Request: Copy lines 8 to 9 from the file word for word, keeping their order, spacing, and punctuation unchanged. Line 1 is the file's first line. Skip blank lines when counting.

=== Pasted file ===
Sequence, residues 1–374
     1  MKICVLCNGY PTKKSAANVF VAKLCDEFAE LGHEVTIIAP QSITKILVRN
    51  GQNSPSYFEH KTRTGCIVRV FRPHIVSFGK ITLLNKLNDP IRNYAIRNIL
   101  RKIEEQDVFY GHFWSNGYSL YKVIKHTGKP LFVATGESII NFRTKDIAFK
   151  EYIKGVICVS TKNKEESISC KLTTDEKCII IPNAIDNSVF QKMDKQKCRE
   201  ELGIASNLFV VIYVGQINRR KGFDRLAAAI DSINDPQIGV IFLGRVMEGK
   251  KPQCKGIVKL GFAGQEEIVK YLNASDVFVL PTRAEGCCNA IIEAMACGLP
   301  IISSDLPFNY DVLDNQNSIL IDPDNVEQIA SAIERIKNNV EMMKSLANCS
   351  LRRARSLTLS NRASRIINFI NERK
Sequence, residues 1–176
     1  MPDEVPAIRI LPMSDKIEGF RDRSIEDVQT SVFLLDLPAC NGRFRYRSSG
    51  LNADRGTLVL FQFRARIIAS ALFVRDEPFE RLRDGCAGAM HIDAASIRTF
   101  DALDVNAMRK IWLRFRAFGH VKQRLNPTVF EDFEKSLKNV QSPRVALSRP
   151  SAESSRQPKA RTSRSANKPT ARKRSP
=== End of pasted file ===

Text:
   301  IISSDLPFNY DVLDNQNSIL IDPDNVEQIA SAIERIKNNV EMMKSLANCS
   351  LRRARSLTLS NRASRIINFI NERK